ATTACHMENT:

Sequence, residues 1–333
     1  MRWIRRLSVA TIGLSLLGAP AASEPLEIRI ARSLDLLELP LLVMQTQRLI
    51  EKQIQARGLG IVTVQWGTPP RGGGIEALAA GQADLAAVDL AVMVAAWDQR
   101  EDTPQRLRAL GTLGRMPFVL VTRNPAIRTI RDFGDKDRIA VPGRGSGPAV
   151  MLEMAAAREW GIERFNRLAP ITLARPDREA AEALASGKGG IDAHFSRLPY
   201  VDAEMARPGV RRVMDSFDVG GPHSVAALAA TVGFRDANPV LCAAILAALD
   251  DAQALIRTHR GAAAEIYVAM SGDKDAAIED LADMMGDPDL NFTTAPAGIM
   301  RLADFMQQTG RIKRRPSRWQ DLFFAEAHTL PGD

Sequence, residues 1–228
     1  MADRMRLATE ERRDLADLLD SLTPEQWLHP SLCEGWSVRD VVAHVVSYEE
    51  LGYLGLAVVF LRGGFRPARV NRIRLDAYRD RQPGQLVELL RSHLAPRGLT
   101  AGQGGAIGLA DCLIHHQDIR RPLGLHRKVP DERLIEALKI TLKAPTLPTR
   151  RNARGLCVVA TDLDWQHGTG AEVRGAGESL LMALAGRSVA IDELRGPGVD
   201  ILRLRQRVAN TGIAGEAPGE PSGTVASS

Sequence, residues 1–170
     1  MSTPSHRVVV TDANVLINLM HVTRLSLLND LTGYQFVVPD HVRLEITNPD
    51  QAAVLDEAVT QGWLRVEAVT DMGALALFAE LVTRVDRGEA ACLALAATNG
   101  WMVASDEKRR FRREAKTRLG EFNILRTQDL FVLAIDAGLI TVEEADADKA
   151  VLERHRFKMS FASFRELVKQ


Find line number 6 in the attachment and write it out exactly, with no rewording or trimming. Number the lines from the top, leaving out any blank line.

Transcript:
   201  VDAEMARPGV RRVMDSFDVG GPHSVAALAA TVGFRDANPV LCAAILAALD